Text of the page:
As you might have guessed, we can do this from within Cloud9. Be sure that your active tab is the index.js file (if it’s not, double-click that file from the file tree on the left). Next, click the Run button next to the page – you can find it next to the circular green button with the play symbol:
A new panel will open up next to your code allowing you to run your “local” Lambda function directly from Cloud9. The top section will allow you to test it with a payload. For example, if you wrote a serverless contact form, you might input your form data here to test it. However, since we aren’t accepting any inputs, we’ll leave our’s blank. When you’re ready to test, click the Run button within the smaller panel that appeared. If the function runs successfully, you’ll see some metadata about the SNS request below, but more importantly, you should receive a text message on your phone with tomorrow’s forecast!
Deploying Lambda Functions from Cloud9
If you’ve made it this far, deploying will be a breeze. On the far right side of the screen, look for a vertical list of actions including “Collaborate” and “Outline.” From this menu, click AWS Resources and a tab will expand, showing your local functions (the ones on your Cloud9 server) and “remote” functions (ones that have been deployed to Lambda).
From this menu, select your lambdaWeather function from the local menu, and click the upward pointing arrow above it to deploy:
Setting up the timer
Now that your function is deployed, the final step is to set up a trigger. For our purposes, we want the function to run regularly. To achieve this, we’ll use CloudWatch events. Navigate to your Lambda dashboard from the services menu and find the function you just deployed. Since it was deployed automatically, its name will be a long, randomized string similar to this: cloud9-lambdaWeather-lambdaWeather-T600J6N9INY. Your string will be slightly different but look for the name you used in your Cloud9 configuration.
Scroll down the page to the Designer panel, and select CloudWatch Events from the menu of triggers:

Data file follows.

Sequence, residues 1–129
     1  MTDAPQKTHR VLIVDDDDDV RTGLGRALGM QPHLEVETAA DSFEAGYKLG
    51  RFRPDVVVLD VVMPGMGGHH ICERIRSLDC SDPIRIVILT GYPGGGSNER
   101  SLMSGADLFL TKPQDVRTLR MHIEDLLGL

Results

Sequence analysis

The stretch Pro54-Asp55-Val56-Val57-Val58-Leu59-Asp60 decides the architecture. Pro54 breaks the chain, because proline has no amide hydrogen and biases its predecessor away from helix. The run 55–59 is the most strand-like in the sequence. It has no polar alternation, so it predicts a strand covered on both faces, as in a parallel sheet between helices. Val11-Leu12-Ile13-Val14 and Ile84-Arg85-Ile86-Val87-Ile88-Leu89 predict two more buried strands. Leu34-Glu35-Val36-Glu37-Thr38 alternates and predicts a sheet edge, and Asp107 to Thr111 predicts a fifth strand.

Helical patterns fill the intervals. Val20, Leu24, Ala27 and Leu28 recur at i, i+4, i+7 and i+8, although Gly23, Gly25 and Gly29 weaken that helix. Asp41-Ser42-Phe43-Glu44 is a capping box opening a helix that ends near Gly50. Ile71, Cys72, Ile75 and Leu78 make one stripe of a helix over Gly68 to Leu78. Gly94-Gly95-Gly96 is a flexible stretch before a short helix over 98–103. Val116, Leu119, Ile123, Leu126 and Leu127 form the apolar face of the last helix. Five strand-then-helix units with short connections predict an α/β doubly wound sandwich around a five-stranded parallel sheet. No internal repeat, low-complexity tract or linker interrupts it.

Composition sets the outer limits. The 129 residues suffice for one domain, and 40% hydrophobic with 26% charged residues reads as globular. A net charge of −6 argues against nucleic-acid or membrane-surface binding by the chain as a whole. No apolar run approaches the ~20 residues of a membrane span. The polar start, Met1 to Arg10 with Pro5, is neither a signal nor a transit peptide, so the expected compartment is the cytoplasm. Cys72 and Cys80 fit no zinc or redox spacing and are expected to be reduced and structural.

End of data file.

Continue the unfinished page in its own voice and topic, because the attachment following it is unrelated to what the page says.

A Configure triggers panel will appear below. Select Create a new rule from the Rule drop-down menu and enter a Rule name of your choosing. For the Rule Type, select Schedule expression and enter
cron(15 2 * * ? *).
This last field may take some calculation, depending on when you want your text message to send. CloudWatch Events are based on UTC time, regardless of the region in which they’re deployed, so you’ll need to adjust the value for your time zone. For example, I live in the Central time zone in the US, where it’s currently daylight savings time. Therefore, my time zone is CDT, which is equivalent to UTC-05:00. I want to run the function each night at 9:15 PM CDT, so I set it to run at 2:15 AM UTC. The format used is cron notation, and if you’re not familiar with how it works, you can find a guide on it here.
This may sound complicated, but it all boils down to figuring out the difference between your time zone and UTC and writing out the corresponding time in cron notation.
Once you’ve configured your function, make sure that Enable trigger is selected and click Add.
That’s it! If you followed along, you should now get daily weather updates delivered to your phone to remind you to wear a jacket (or pack your sunscreen). Of course, the weather updates are not the point. The real power here is the ability to create Lambda functions in a tightly integrated environment and deploy them with a single click. Cloud9 does more than just make deployment easy, however. It also allows you to easily test your code before pushing it to production. You can even use Git version control with your code to allow rollbacks and easier collaboration.
Some steps you might want to take with this sample project might be to change the format of the text message or to display different information from what I included in the example. Once you’re comfortable with Lambda and Cloud9, you can even begin to incorporate new APIs, different ways of triggering your functions, and new ways to return the data you want. As with everything in cloud computing, the only limit is what you can imagine.